For those of us who think Bush’s pending war against
So what to do other than nurturing bile and resentment? Or writing angry emails and letters to those who’ve once again shown no moral courage? Or thanking the 23 Senators and 133 Representatives who found the strength to resist all the lies and threats?
We might start by recognizing that we’ve made some progress. A few weeks ago, the press reported that a mere 19 House Democrats would vote against the resolution. Only two Senators opposed the
Now, in a time when Bush audaciously claims that “
One case in point happened in 1969, when Henry Kissinger told the North Vietnamese that Nixon was threatening to escalate the Vietnam war massively, including potential nuclear strikes, unless they capitulated and forced the National Liberation Front in the South to do the same. Nixon was serious. He’d had military advisers prepare detailed plans, including mission folders with photographs of potential nuclear targets. But two weeks before the president’s November 1st deadline, there was a nationwide day of protest, the Moratorium, during which millions of people took part in local demonstrations, vigils, church services, petition drives and other forms of protest. The next month came a major march in
This example of our actions having more power than we know came to mind as I marched with ten thousand others on an October Seattle Sunday, the weekend before the Congressional vote. Marchers paraded huge puppets of black-clad mothers holding children and George Bush as a global sheriff with pistols marked Exxon and Mobil. Others carried a giant inflatable earth and a 50-foot Trident missile. A community anti-smoking project brought their 20-foot cloth eagle, adorned with a large black peace sign. Signs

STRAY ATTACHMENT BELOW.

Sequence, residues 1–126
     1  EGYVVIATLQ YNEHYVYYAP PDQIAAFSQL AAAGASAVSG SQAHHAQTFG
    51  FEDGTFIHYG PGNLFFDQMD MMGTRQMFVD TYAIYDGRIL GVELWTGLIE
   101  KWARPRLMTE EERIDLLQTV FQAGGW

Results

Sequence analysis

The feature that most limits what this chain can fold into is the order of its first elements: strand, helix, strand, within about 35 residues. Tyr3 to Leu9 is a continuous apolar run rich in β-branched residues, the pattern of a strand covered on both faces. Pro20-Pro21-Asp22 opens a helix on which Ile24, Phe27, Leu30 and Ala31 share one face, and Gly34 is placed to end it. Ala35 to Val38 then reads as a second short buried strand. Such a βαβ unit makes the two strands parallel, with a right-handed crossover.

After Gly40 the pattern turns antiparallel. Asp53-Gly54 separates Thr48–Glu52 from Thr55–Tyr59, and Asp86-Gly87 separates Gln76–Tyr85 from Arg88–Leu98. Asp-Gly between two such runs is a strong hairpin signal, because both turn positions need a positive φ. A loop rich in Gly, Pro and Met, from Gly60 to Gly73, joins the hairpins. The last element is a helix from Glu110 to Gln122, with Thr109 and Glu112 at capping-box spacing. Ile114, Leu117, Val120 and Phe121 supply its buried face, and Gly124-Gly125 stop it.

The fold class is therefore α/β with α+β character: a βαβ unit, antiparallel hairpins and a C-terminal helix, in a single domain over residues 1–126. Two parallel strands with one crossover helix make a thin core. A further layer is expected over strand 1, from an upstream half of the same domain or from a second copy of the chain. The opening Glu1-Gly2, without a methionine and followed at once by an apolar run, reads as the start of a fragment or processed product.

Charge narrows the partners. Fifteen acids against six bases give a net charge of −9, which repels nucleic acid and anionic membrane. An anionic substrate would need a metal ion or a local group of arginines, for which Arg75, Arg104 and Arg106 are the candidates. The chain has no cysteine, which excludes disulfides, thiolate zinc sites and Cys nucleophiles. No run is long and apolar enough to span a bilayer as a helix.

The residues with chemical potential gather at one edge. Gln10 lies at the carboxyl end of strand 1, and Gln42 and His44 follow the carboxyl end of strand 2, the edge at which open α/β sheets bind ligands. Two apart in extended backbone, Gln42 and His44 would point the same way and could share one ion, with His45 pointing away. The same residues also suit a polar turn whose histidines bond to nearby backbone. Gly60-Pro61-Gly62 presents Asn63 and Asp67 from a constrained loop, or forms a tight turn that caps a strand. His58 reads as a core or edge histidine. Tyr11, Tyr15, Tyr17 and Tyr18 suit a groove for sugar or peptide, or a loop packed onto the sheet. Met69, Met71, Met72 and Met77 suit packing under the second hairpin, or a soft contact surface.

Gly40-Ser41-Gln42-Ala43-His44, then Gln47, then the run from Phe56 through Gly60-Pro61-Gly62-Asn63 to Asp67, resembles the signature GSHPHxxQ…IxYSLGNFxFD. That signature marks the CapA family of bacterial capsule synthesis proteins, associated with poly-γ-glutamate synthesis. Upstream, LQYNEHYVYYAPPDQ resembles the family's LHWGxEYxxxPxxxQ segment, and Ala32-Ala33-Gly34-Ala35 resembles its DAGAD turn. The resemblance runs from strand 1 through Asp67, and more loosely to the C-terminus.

proclaimed: “Drop Bush Not Bombs,” “Iraq Didn’t Attack Us Sept 11,” “Another Vet For Peace,” “How Much Blood For George?” “The
Families marched with their children. Onlookers waved in support. A lawyer for the
A cluster of African drummers propelled marchers forward with their beat. Their friend had posted a notice on their drumming website. Further back in the parade that stretched for blocks, two saxophonists and a trumpeter played a mournful St Louis blues, which merged into a high-stepping cakewalk, and then a long plaintive version of “America the Beautiful.” The drummer’s tie displayed an American flag and a picture of the
People marched for different reasons, but all feared that attacking
Since Bush took office, I’ve seen plenty of personal dissent: conversations with friends, endless emails, bitter comments. But visible public outcries have been strangely absent. They were barely present as Bush cut every conceivable social program, worked to gut core environmental protections, and enacted a tax cut transferring $1.2 trillion to the wealthiest one in a hundred Americans. Dissent dropped off even more in the wake of Sept 11, though many of us felt uneasy with Bush’s simplistic framing of a war of good versus evil. Yes, many of us have endlessly called, emailed, and faxed our elected representatives, pleading for them to show more courage and spine. We’ve signed petitions and statements, written letters to local papers, and emailed article after article to friends. What we might call virtual politics can matter immensely. We pass on critical contexts and perspectives through the electronic equivalent of the Soviet underground Samizdats.